Article - 8 Balanced Portfolios Compared: Vanguard, Janus, And Others Vs. A 60-40 2 ETF Portfolio

8 Balanced Portfolios Compared: Vanguard, Janus, And Others Vs. A 60-40 2 ETF Portfolio


Our recent article "3 Portfolios Inspired By Graham, Swensen, Browne" elicited the suggestion that we compare a do-it-yourself ETF portfolio of 60% stocks and 40% bonds to Vanguard's Balanced Fund (MUTF:VBIAX). That also made us think about the other balanced funds from the leading fund companies.

Specifically, here are the two questions we want to answer:

  1. Which "balanced fund" has the best risk-adjusted returns?
  2. Can I do better creating my own balanced ETF portfolio using 60% stocks (NYSEARCA:VTI) and 40% bonds (NASDAQ:BND)?

Choosing the Portfolios

First, we identified balanced funds from the major fund companies. Here's the list with each ticker and annual expense according to the prospectus:

  • Dodge & Cox Balanced (MUTF:DODBX) 0.53%
  • Fidelity Balanced (MUTF:FBALX) 0.60%
  • Fidelity Global Balanced (MUTF:FGBLX) 1.04%
  • Ibbotson Balanced (MUTF:BETFX) 0.92%
  • Janus Balanced (MUTF:JANBX) 0.72%
  • Schwab Balanced (MUTF:SWOBX) 0.65%
  • Vanguard Balanced (VBIAX) 0.10%
  • Wells Fargo Advantage Index Asset Allocation (MUTF:WFAIX) 0.91%

We also created a benchmark portfolio of 60% VTI and 40% BND.

This static 60-40 portfolio has a 0.07% blended annual expense based on VTI expenses of 0.05% and BND expenses of 0.10%.

Looking at the numbers

In the table below, we see that Ibbotson has lagged the group, Dodge & Cox has performed the best over the past year, and Janus leads over the past 5 years.

Note the varying amount of equity that each fund can hold, as shown in the descriptions above. Each manager's discretion varies between these funds. While "balanced fund" usually implies a fixed or stable stock-bond allocation, such as 60% stocks and 40% bonds, some of these fund managers have more discretion to change the level of stock holdings. For example, looking at the prospectus for Janus Balanced, we see that the fund manager can hold between 35% and 65% in equities. In contrast, Vanguard sticks to a firmer 60% equity guideline.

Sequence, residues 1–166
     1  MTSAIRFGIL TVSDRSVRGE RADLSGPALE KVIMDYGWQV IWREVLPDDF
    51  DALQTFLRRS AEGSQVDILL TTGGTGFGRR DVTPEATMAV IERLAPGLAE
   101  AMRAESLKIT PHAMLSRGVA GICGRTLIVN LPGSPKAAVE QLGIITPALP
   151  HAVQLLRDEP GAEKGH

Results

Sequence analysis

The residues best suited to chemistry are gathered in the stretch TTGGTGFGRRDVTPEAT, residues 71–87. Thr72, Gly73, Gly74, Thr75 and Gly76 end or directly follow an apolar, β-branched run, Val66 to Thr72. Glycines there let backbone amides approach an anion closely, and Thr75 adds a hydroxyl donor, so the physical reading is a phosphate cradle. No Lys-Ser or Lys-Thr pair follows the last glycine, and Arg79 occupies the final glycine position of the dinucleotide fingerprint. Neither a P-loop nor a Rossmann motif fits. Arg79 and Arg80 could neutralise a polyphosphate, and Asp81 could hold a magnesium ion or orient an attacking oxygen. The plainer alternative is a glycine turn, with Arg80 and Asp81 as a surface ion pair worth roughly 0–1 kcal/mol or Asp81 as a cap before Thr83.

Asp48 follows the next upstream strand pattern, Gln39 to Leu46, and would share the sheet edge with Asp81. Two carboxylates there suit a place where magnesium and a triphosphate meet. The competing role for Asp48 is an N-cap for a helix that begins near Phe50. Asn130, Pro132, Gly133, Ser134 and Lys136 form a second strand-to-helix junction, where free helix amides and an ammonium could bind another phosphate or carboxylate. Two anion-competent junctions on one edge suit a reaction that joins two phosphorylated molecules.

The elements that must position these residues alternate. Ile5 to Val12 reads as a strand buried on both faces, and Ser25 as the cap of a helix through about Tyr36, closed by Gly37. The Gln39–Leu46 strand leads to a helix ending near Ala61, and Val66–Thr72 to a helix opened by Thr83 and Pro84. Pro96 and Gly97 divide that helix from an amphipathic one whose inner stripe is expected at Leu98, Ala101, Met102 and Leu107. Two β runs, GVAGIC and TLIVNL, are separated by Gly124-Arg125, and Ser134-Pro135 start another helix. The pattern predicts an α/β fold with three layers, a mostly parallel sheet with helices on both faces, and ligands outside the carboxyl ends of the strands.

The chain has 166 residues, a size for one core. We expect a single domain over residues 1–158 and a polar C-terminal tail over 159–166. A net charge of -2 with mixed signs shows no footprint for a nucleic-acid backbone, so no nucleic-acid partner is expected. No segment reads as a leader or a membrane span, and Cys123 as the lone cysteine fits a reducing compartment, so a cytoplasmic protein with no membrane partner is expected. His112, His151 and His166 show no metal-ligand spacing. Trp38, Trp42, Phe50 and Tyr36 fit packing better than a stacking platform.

Turning to the topic of a do-it-yourself ETF portfolio, a balanced ETF portfolio using a combination of 60% VTI and 40% BND has seen these results:

  • 1-year return: 11.84%
  • 3-year return: 12.60%
  • 5-year return: 6.97%, with a maximum drawdown of -26.7% over the past 5 years.

Meanwhile, VBIAX has seen the following returns:

  • 1-year return: 12.18%
  • 3-year return: 12.70%
  • 5-year return: 7.07%, with a maximum drawdown of -27.0% over the past 5 years.

So VBIAX edges out the do-it-yourself ETF combo in all three time periods, but with a slightly higher maximum drawdown.

Risk-adjusted returns

Over the past year, Dodge & Cox has shown a 13.4% Modigliani risk-adjusted return, which is the best in this group. Over the past 5 years, Janus Balanced has shown the best risk-adjusted return, with a 12.5% Modigliani risk-adjusted measure.

To see a graphical comparison of risk and risk-adjusted returns, visit Balanced Portfolios: Risk & Risk-Adjusted Returns. The analysis uses standard deviation, maximum drawdown, beta, Modigliani, and alpha over the past 1, 3, and 5 years.

Risk vs. Return Scatterplot

The chart below plots Standard Deviation vs. Total Return for each portfolio. The most desirable spot is the top left corner, occupied by Janus Balanced (#5 on the chart).

To see the 1-year and 3-year risk vs. return scatterplots, visit Balanced Funds: Risk vs. Return Scatterplots.


Now back to our questions at the beginning of the article:

Question 1: Which balanced fund is best on a risk-adjusted basis?

Answer: Janus Balanced is the clear winner on a 5-year risk-adjusted basis. If you have an appetite for more risk, Dodge & Cox Balanced has performed better over the past year, but slightly lags Janus Balanced over the 5-year period.

Question 2: Can I do better creating my own balanced ETF portfolio using 60% VTI and 40% BND?

Answer: Not likely. If you are interested in an easy 60-40 portfolio, you are probably better off (in terms of overall risk and performance) by simply buying VBIAX. The ETF portfolio does offer a 0.03% cost advantage over VBIAX, but for that extra $30 (if you have $100K invested) Vanguard's team will do the rebalancing for you.


as published on  

Disclosure: I am/we are long EFA, IWM, GLD, TLT, QQQ, SPY, EEM. I wrote this article myself, and it expresses my own opinions. I am not receiving compensation for it. I have no business relationship with any company whose stock is mentioned in this article.